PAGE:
Medicare imposters want to steal your money. Don’t let them.

Pop quiz: If someone calls you asking for your bank account number, should you give it to them?

Answer: Never. Hang up — it’s a scam.

We’ve heard about different kinds of imposter scams on the rise. In one scenario, scammers call, pretending to work for Medicare. They say they need to verify your bank account number — and it might sound convincing. Some callers may even know the first few numbers of your account, and say you just need to verify the rest. But if you fill in the blanks, you’re giving them access to your money — and their goal is to steal it. 

The callers may say they lost your information and need it to deposit funds, provide additional benefits, or send you a new Medicare or prescription card. They assure you there’s no charge, and act like it’s an urgent matter — that your benefits will be cut off if you don’t give them your bank account information right away.  

In truth, it’s all a trick to steal your money. Medicare will never call you and ask for your bank account information.

So the next time you get a call like this, here’s what to do:

  • Don’t give out your bank account number — or any part of your Social Security number.
  • Simply hang up the phone.
  • Report your experience at 1-877-FTC-HELP or Click on “Scams and Rip-offs,” and then “Imposter Scams.”
  • If you have questions about your Medicare benefits, call 1-800-MEDICARE.

Chances are, you know someone who could use a reminder on how to avoid these imposter scams. Pass on this blog post and share other consumer protection tips with your friends and family. 


we will not give any information about my bank account number.

I agree

You can also direct consumers to call the Senior Medicare Patrol (SMP) in their state. You can locate your statewide SMP at

There are also many scam/spam emails out there from "Medicare". Users beware of these as well.

Why is my Medicare # (on a card I'm supposed to carry at all times) the same as my S/S #? After all, numbers are FREE - they could assign ANY OTHER NUMBER to my Medicare account.

I don't carry my card with me. All you have to do is give them your social security number and the letter after. Give them your driver's license as proof that it's you. The government needs to change these numbers. Perhaps that's why there are so many scams.

I had three IRS telephone scams last week

I have gotten 6 calls (starts automated) and wants my first answer to be YES. I don't. So they come on the line and they tell me they are there to help me as I asked for Social Security and Medicare sign up assistance. I tell them I didn't and never call again, but they do. Reporting to DO NOT CALL has not stopped it at all. So BEWARE. Don't answer yes, or with your name. they want you to say your name or answer YES. DON'T! Say: "I never called you, don't call me again"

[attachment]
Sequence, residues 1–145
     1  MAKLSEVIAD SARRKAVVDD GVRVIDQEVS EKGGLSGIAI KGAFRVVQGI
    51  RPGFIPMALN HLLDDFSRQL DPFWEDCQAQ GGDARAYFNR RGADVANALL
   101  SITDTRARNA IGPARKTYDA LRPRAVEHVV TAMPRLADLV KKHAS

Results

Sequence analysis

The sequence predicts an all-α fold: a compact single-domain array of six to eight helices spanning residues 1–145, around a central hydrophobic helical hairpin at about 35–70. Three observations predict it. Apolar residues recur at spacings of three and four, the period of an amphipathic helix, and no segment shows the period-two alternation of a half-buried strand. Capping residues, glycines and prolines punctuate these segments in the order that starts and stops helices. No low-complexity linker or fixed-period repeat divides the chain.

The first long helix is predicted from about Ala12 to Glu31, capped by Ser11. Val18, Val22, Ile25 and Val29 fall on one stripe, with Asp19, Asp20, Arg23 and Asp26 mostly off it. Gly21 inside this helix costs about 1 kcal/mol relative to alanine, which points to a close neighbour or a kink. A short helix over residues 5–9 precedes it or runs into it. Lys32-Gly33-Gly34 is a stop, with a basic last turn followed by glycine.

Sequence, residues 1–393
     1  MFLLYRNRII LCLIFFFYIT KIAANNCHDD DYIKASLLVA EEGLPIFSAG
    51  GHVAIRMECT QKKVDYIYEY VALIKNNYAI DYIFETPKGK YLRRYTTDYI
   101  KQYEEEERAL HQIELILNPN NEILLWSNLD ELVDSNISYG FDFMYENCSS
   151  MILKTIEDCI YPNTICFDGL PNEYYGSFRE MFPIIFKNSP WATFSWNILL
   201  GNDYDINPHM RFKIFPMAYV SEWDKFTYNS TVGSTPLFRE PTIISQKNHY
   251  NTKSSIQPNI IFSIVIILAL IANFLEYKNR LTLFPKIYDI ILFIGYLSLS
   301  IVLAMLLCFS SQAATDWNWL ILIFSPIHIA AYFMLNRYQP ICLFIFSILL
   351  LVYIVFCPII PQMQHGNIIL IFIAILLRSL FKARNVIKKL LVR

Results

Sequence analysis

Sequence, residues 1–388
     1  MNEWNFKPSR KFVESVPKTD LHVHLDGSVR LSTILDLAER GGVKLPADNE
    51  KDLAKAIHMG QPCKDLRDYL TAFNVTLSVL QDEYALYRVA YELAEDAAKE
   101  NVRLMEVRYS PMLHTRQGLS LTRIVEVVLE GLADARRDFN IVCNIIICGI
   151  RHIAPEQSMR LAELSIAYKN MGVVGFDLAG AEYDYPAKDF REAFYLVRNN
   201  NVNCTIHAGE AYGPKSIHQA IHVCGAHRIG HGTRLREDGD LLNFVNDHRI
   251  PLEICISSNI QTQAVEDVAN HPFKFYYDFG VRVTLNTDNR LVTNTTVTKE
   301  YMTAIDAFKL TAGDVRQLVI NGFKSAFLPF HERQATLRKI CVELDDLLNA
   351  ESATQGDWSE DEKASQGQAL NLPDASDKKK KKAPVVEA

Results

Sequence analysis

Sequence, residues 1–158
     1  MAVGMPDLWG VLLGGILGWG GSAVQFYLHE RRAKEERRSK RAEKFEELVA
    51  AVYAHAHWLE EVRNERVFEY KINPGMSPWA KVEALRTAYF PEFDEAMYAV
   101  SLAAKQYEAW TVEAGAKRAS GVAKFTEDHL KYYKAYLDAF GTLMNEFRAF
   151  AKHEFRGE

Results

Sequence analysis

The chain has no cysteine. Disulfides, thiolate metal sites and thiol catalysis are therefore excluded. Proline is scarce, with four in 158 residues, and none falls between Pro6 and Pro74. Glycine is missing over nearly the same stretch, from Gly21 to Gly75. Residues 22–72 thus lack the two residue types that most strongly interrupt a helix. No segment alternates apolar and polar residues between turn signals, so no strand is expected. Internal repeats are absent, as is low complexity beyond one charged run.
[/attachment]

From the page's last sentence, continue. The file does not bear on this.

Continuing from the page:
I think ppl has hacked my account

Thank you for the headsup. It good to have a reminder of how important it really is not to give out information!!

When I had personal information stolen, it was in a scam offer for a cell phone. I remember reporting to the police that they'd also asked for my driver license information. I asked him, "What would they do with that?" He said often they're used to register cars fraudulently. He recommended that I check with DMV from time to time to see how many cars I "had registered" in New York State. Good advice, and I never would have thought of that myself.

I received a call from someone saying she was from Medicare. She said she wanted to get my direct deposit started going into the correct account. I told her it was already being deposited. She asked a lot of personal questions. My social, etc. She asked for everything except for my bank information. I felt uneasy in my 'gut'. I was driving a moving truck in a bad rain storm in heavy traffic. She was very convincing. I reluctantly gave her the information she asked for. If she had asked for my banking information I would have stopped short. I worried about giving my information on the phone to someone who called me. But, she was really good. I am always very discerning and never fall for scams. I've been scammed before, a long time ago so I am hypervigilant about that kind of thing. Do you think I have anything to be worried about?

The FTC has information for people who think their information might be exposed to theft. Go to and click the button near the top that says "Did you get a data breach notice? Start here."  You'll see tips to help you protect yourself from identity fraud.

pls call my number +965 .i dont understand. ineed asistance

If you want to report a scam, call the FTC at 1-877-382-4357.

If you have questions about Medicare, call 1-800-633-4227.


Please read this FTC article for information about prize scams.

If you think you lost money in a prize scam, please report it to the FTC at or call 1-877-382-4357.

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